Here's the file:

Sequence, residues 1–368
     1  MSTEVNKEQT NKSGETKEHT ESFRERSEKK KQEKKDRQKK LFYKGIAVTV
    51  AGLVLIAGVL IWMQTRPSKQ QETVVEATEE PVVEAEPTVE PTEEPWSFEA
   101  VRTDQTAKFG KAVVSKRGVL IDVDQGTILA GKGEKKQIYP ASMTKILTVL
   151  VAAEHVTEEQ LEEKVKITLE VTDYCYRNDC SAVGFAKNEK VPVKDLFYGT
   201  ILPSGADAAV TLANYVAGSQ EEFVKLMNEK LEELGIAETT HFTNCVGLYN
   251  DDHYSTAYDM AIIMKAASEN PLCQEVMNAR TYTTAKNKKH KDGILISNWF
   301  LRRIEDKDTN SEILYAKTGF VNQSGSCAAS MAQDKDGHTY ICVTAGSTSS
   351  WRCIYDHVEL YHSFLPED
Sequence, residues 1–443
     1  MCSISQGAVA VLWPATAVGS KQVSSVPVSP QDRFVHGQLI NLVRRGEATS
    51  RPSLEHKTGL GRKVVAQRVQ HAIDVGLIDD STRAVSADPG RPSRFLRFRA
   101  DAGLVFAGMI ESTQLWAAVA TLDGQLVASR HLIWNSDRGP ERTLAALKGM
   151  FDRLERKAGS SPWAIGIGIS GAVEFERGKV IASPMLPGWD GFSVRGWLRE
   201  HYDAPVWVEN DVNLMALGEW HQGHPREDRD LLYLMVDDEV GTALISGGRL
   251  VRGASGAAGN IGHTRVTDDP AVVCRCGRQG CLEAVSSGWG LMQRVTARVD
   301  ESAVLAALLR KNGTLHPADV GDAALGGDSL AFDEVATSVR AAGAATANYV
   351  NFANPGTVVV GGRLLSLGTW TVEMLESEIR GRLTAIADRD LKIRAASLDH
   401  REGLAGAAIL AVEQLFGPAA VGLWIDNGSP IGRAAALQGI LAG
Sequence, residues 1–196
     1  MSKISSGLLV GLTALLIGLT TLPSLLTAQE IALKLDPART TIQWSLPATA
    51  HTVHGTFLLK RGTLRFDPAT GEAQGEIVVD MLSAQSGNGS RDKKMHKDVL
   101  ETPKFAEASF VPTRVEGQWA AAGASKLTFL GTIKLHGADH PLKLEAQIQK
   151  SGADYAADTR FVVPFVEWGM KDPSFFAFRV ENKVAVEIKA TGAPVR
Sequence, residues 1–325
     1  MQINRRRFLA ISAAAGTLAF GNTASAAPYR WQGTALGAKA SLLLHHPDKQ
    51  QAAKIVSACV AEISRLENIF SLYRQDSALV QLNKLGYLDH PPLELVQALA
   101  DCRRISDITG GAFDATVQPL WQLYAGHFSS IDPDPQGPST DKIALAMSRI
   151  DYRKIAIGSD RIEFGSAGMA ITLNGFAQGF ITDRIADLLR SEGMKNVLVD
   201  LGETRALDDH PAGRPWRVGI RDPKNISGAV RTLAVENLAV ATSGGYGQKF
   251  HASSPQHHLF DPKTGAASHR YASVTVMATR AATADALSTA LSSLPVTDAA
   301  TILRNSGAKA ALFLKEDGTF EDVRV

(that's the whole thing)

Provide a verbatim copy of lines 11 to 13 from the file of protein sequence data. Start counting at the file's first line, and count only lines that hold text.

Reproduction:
     1  MCSISQGAVA VLWPATAVGS KQVSSVPVSP QDRFVHGQLI NLVRRGEATS
    51  RPSLEHKTGL GRKVVAQRVQ HAIDVGLIDD STRAVSADPG RPSRFLRFRA
   101  DAGLVFAGMI ESTQLWAAVA TLDGQLVASR HLIWNSDRGP ERTLAALKGM